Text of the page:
<tr>
<td>-d</td>

<td>dump leaks (only one of -d, -R or -g can be used at a time)</td>
</tr>

<tr>
<td>-R</td>

<td>dump refcnts</td>
</tr>

<tr>
<td>&nbsp;</td>

<td>&nbsp;</td>
</tr>

<tr>
<td>-g</td>

<td>display a graph of leaks</td>
</tr>

<tr>
<td>-x</td>

<td>when displaying the graph with -g, use html output that can be fed
into an html4+css+dom compliant viewer (like mozilla :-)</td>
</tr>

<tr>
<td>-r symbol</td>

<td>define a root for the graph dump. nodes in the graph above symbol will
be hidden, thus reducing the depth of the graph making it easier to find
deeper leaks.</td>
</tr>

<tr>
<td>&nbsp;</td>

<td>&nbsp;</td>
</tr>

<tr>
<td>-e symbol</td>

<td>exclude leaks that include symbol from treatment</td>
</tr>

<tr>
<td>-i symbol</td>

<td>include leaks that include symbol for treatment. If an includes are
defined than only leaks which include the symbols will be processed. excludes
will still apply to this reduced set of leaks</td>
</tr>

<tr>
<td>&nbsp;</td>

<td>&nbsp;</td>
</tr>

<tr>
<td>-A</td>

<td>show the address in the stack crawls, not just the symobls</td>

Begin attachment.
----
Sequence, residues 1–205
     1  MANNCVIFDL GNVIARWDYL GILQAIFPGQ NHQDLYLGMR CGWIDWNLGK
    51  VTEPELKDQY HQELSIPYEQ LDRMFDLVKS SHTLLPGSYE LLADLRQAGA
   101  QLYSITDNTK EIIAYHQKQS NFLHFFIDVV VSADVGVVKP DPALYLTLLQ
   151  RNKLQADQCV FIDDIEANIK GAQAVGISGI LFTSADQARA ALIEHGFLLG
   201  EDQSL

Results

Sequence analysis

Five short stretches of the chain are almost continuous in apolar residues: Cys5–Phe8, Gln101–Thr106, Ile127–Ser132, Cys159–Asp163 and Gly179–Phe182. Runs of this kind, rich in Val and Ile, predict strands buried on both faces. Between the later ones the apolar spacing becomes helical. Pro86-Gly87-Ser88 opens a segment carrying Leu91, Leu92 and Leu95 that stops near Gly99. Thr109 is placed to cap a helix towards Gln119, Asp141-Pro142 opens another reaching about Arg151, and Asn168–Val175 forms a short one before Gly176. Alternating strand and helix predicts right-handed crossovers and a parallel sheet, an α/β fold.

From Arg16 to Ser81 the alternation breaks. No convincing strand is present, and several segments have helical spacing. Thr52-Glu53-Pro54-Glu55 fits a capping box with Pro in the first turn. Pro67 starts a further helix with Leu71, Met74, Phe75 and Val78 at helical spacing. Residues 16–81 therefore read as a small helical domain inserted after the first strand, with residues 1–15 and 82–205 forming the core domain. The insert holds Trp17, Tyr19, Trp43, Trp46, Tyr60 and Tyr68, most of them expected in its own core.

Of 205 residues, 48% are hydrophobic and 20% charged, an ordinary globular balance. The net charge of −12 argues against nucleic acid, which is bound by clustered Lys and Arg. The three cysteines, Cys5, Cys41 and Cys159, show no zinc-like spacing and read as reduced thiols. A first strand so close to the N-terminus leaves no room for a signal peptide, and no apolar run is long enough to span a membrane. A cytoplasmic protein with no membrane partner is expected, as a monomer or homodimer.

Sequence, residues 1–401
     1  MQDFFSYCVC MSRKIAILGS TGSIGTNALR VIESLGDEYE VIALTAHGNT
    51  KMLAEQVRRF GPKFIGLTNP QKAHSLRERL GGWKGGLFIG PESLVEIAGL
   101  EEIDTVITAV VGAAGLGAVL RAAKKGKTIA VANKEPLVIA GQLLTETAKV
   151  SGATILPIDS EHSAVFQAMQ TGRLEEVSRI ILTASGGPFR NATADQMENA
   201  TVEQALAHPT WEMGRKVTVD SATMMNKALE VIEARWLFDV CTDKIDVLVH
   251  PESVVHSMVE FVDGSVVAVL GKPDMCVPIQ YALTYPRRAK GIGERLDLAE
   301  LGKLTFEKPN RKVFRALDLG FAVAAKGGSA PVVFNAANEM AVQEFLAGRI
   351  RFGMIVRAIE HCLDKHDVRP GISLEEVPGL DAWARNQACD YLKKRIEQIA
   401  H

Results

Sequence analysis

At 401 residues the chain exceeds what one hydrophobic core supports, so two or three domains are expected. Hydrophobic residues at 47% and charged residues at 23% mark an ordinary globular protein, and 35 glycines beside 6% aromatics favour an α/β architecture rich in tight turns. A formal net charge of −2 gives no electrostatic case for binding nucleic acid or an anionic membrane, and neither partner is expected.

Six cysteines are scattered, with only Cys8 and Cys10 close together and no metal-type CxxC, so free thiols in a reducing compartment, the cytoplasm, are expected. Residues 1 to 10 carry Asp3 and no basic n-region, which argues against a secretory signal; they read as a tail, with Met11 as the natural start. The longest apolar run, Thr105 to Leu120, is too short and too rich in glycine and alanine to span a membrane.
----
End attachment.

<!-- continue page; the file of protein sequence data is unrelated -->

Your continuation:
</tr>

<tr>
<td>-h num</td>

<td>set the size of the hash buckets used by leaksy dictionaries to &lt;num></td>
</tr>

<tr>
<td>-s depth</td>

<td>set the depth of the stack crawls shown when displaying stack crawls
(any of the dumping modes except -g)</td>
</tr>

<tr>
<td>-q</td>

<td>make leaky quiet (don't dump the information about symbols being read
and from which libraries)</td>
</tr>
</table>

<p><b><font face="Arial,Helvetica"><font size=+2>Porting to non-Intel/Linux</font></font></b>
<br>&nbsp;
<p>Initial version works only on x86 linux. To work on other platforms
you will need to:
<ol>
<li>
Implement <tt>CrawlStack()</tt> in libmalloc.cpp</li>

<li>
Implement <tt>DumpAddressMap()</tt> in libmalloc.cpp and in ShowLibs.cpp</li>

<li>
Either support LD_PRELOAD in your dynamic linker, <b>or</b></li>

<br>produce a library that wraps your libc malloc (see config.h for some
clues)
<li>
Implement symbol table reading code (see coff.cpp, elf.cpp and bfd.cpp
for examples; at the time of writing this document only bfd.cpp was known
to work)</li>
</ol>

<hr><!-- hhmts start -->Last modified: Sun Sep 26 13:15:33 PDT 1999<!-- hhmts end -->
<br>Send comments to <i><a href="mailto:kipp@netscape.com">Kipp Hickman</a></i>
<br>&nbsp;